Roger Stone, facing gag order, launches counterattack

In the days since a federal judge warned Roger Stone that he could soon face a gag order, Stone has peddled conspiracy theories, claimed he can’t get a fair trial and criticized the judge.

“This is a lynching. This is a legal lynching of me,” Stone said in a recent interview on the fringe right-wing website Infowars.

Stone was arrested last month in a pre-dawn raid and charged with obstruction of justice, making false statements and witness tampering as part of special counsel Robert Mueller’s Russia investigation. On Friday, federal prosecutors and Stone’s legal team are due to submit briefs on the merits of a gag order.

But rather than toning down his rhetoric, Stone appears to be abiding by the principles he espouses in his books. For instance, Stone’s Rule #81: “Admit Nothing; Deny Everything; Launch Counterattack.”

It’s a dubious legal strategy.

“I would say that it’s a terrible idea for Stone to be doing this,” said CNN legal analyst Shan Wu. “I can’t imagine a worse idea.”

Judge Amy Berman Jackson informed Stone last week that she was considering a gag order. She was quick to put similar restrictions on former Trump campaign chairman Paul Manafort’s case, which she is also presiding over in Washington. Jackson, an appointee of President Barack Obama, said she was cognizant of Stone’s First Amendment right to free speech, but she wanted to protect his right to a fair trial and ensure it was possible to select an unbiased jury.

Stone’s response, delivered via an Instagram post this week: “I will continue to defend myself unless an Obama appointed judge decides to suspend my first amendment rights.” In another post, Stone exclaimed, “Fair Trial in DC? Impossible.”

Stone, in his public diatribes, has claimed he is being targeted because he works for Infowars and supported Trump. And he has continued his long tradition of hyping fact-free conspiracy theories.

In one Instagram post, Stone is shaking hands William Binney, a former National Security Agency official who has turned into a vocal critic of the agency. “Bill Binney explained to me why the forensic evidence shows the DNC was never hacked by anyone including the Russians,” Stone wrote.

US intelligence agencies have concluded Russian intelligence hacked the DNC and other top Democrats, and used platforms like WikiLeaks to disseminate the stolen material.

Stone concluded his post with a series of hashtags including “#sethrich.”

Seth Rich was a Democratic National Committee staffer who was fatally shot in Washington in 2016. Police said evidence indicates Rich was the victim of a robbery gone wrong. But far-right activists and news organizations spread a conspiracy theory — with no evidence — that Rich was killed for leaking a trove of DNC emails to WikiLeaks.

Both Fox News and the Washington Times ended up retracting stories based on the murder-as-leaking-retribution conspiracy plot, but the lore has lived on, to the devastation of Rich’s family.

As for Stone, he recently settled a lawsuit (unrelated to the Mueller probe) in which he admitted to making false statements on Infowars about a Chinese businessman and apologized for his commentary.

Stone’s attorney and Mueller’s office declined to comment.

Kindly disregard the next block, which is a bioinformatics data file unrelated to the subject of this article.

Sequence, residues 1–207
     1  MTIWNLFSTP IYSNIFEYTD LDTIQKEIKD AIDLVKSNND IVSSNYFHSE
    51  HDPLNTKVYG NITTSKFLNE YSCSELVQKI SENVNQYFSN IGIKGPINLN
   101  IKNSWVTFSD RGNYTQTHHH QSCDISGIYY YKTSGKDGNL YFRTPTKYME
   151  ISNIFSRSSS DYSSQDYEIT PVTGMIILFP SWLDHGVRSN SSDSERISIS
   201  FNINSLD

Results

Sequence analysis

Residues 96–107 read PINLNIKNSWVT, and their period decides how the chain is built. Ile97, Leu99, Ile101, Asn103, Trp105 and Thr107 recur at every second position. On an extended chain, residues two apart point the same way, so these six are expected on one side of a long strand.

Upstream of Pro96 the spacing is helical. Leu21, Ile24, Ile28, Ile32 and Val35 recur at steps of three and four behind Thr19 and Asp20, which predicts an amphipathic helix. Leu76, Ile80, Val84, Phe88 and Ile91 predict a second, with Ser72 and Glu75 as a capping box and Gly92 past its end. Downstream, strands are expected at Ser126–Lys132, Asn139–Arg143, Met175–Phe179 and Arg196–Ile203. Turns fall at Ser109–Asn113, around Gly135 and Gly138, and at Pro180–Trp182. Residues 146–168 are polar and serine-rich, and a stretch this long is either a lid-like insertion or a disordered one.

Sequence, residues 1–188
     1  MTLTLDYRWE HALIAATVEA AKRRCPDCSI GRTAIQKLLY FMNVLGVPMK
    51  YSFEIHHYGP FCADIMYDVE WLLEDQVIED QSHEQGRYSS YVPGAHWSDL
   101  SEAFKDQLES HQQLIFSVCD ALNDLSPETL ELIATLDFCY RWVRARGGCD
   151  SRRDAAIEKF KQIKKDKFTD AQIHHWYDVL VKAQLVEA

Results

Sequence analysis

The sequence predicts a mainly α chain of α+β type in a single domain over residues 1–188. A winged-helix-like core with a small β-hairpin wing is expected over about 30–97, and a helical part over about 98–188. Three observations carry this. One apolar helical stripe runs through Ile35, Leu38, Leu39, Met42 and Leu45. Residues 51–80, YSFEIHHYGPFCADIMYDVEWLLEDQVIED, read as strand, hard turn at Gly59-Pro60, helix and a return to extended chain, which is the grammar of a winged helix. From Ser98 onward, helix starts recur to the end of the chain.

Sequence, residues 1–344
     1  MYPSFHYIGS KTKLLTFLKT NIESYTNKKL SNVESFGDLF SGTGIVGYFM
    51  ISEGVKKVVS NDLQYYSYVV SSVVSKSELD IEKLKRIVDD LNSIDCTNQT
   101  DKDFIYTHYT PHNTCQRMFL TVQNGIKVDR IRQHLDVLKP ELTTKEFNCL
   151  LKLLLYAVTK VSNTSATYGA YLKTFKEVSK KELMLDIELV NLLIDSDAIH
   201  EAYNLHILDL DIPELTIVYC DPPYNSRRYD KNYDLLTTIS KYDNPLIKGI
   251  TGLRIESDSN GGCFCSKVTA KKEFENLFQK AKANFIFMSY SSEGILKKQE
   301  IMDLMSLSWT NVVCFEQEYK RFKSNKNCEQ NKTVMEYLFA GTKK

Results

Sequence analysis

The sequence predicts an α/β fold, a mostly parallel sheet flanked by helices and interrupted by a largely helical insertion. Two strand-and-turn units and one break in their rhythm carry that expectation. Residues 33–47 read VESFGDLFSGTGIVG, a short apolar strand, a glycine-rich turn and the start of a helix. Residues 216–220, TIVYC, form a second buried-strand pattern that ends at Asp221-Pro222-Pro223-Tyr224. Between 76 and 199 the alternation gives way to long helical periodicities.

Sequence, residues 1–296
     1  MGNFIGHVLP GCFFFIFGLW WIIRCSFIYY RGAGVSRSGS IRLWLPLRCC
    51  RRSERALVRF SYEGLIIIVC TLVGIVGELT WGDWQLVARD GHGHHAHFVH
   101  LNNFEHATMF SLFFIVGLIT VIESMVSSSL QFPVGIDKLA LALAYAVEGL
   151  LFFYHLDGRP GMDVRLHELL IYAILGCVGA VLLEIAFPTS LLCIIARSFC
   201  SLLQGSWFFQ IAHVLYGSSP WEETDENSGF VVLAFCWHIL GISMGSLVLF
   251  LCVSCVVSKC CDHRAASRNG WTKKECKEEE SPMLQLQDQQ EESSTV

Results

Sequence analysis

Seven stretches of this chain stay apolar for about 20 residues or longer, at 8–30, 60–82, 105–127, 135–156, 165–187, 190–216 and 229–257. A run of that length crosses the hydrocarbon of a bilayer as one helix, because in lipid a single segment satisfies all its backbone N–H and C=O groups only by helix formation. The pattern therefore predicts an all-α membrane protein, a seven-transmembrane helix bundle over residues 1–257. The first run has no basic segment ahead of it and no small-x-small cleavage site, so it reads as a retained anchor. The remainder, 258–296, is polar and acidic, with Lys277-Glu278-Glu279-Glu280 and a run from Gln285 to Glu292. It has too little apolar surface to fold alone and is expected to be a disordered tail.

Prior legal woes aside, Stone’s eagerness to discuss his case publicly — and in colorful fashion — could make the judge more inclined to put a gag order on the case.

Stone and his attorneys have vowed to fight any such effort and are expected to make the case that Stone’s livelihood depends on his ability to speak freely.

“I make a living writing and speaking,” Stone argued in a recent Infowars appearance. “So they would be depriving me of making a living if I am entirely gagged.”

Jackson appears to have anticipated that defense. In court last Friday, the judge said she was only considering limiting Stone’s ability to talk about the case.

“He would still be free to discuss foreign relations, immigration or Tom Brady,” Jackson said.

If she does crack down on public comments on the case, Stone’s legal team could also appeal the move. Last year, Stone added First Amendment and constitutional law expert Bruce Rogow to his legal team.

Stone may have a solid legal premise for an appeal, Wu said, although most defendants consider it a risky move.

“Most defendants don’t want to do that because they don’t want to run afoul of the judge,” Wu said. “He doesn’t care.”

Indeed, Stone is still racking up appearances and using nearly all of them to hammer the tactics used in the pre-dawn raid at his Florida home.

“This was a show of force, this was something you would expect from Nazi Germany or Soviet Russia. It was chilling,” Stone told Infowars.

Stone has also compared the law enforcement presence the morning of his arrest to the forces deployed against drug lord Joaquín Guzmán, known as “El Chapo,” and Osama bin Laden, the former al Qaeda leader who was killed by US Special Forces in a 2011 raid.

Stone’s vocal complaints even sparked a response from ex-convict and former football star O.J. Simpson, who drew on his own experience with FBI raids, according to a video posted on celebrity news website TMZ.

“The FBI can be wrong,” Simpson said, “But to try to compare to El Chapo and Bin Laden? Hey man, Bin Laden was carried out in a bag, not walked out in handcuffs.”

Simpson’s parting words for Stone: “Man up. Stop crying.”